balances, and the exchange rate, EH/F. Also, state whether the home currency
appreciates or depreciates for each.
a. A decrease in the foreign money supply
Answer: There is a decrease in the foreign price level and an increase in the
b. A decrease in home real income
Answer: There is an increase in the home price level and an increase in the
c. A decrease in the foreign nominal interest rate
Answer: There is an increase in foreign demand for real money balances, leading
6. This question considers long-run policies in Turkey relative to its largest trading
partner: Europe. Assume Turkey’s money growth rate is currently 15% and Turkey’s
output growth is 9%. Europe’s money growth rate is 4% and its output growth is 3%.
For the following questions, use the conditions associated with the simple monetary
model. Treat Turkey as the home country and define the exchange rate as Turkish lira
per euro, EL/€.
a. Calculate the inflation rate in Turkey.
b. Calculate the inflation rate in Europe.
c. Calculate the expected rate of depreciation in the Turkish lira relative to the euro.
d. Suppose the central bank of the Republic of Turkey decreases the money growth
rate from 15% to 11%. If nothing in Europe changes, what is the new inflation
rate in Turkey?
e. Illustrate how the change in (d) affects the following variables: MT, PT, real
money supply, and EL/. over time.
Answer: See the following figures.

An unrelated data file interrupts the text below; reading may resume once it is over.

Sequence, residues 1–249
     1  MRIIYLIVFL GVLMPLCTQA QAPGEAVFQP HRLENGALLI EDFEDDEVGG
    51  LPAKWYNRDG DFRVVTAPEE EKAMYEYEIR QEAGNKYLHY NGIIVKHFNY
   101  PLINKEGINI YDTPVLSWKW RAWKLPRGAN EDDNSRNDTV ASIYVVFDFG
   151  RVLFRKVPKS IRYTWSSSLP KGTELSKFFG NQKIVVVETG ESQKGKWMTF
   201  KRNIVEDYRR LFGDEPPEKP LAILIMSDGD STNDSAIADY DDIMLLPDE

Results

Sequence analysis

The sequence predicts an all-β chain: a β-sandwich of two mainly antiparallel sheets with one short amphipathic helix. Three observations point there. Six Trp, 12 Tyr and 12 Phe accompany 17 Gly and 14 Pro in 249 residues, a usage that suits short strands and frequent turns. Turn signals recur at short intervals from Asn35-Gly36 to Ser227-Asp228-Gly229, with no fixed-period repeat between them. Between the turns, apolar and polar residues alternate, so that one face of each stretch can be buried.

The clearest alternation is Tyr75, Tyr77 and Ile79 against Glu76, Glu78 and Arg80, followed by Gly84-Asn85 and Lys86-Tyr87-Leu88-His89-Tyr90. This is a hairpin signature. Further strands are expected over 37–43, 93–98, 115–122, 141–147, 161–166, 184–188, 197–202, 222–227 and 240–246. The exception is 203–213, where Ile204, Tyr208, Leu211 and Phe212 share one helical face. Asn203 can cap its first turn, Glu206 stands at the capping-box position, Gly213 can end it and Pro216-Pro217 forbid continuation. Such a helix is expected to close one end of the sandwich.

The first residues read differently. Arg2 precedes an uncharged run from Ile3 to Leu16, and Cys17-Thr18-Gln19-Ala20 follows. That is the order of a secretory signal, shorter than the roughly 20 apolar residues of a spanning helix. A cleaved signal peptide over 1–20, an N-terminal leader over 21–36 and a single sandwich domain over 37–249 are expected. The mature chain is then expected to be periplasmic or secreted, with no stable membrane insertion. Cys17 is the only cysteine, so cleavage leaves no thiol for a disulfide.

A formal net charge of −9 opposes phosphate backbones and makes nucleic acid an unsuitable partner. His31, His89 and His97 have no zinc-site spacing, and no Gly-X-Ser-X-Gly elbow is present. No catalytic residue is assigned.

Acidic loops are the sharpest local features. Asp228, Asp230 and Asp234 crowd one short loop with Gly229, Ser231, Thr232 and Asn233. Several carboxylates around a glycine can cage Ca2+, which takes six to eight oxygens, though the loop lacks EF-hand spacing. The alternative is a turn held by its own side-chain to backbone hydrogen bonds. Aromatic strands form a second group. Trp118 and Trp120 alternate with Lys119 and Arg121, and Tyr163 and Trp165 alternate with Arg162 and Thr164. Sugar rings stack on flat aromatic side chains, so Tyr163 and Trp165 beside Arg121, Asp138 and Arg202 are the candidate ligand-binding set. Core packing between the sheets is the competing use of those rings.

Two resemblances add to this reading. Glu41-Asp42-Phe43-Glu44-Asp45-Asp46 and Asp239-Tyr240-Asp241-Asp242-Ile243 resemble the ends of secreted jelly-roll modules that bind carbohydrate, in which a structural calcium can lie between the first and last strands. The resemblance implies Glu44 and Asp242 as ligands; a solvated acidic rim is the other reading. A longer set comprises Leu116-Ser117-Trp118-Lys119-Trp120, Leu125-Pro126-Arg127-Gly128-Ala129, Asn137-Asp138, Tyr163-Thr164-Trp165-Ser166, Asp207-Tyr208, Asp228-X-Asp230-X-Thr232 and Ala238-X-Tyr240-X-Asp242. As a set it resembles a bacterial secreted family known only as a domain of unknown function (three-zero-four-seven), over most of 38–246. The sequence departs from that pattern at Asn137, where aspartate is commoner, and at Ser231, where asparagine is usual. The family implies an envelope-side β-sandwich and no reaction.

f. Suppose the central bank of the Republic of Turkey sought to implement policy
that would cause the Turkish lira to appreciate relative to the euro. What ranges of
the money growth rate (assuming positive values) would allow the central bank to
achieve this objective? What range of values does this imply for Turkey’s
inflation rate?
Answer: Objective: %Eelira/€ < 0%
*T gT) (
7. This question follows from the analysis of Turkey and Europe in Question 6. Assume
Turkey’s money growth rate is currently 15% and Turkey’s output growth is 9%.
Europe’s money growth rate is 4% and its output growth is 3%. Also, assume the
world real interest rate is 1.75%. For the questions below, use the conditions
associated with the general monetary model. Treat Turkey as the home country and
define the exchange rate as Turkish lira per euro, EL/€.
a. Calculate the nominal interest rate in Turkey and in Europe.
Answer: From the Fisher effect:
ilira =
π
eT + r* = 6% + 1.75% = 7.75%
i =
π
eE + r* = 1% + 1.75% = 2.75%
b. Calculate the expected rate of depreciation in the Turkish lira relative to the euro.
c. Suppose the central bank of the Republic of Turkey increases the money growth
rate from 15% to 18%. If nothing in Europe changes, what is the new inflation
rate in Turkey?
d. Illustrate how the change in (c) affects the following variables: MT, PT, real
money supply, iT, and EL/ over time.
e. Suppose Turkey wants to maintain a fixed exchange rate relative to the euro.
What money growth rate and nominal interest rate would achieve this objective?
Answer: Objective: %Eelira/€ = 0%
*T gT) (
8. This question considers long-run policies in Mexico relative to Canada. Assume
Mexico’s money growth rate is currently 4% and its inflation rate is 2%. Canada’s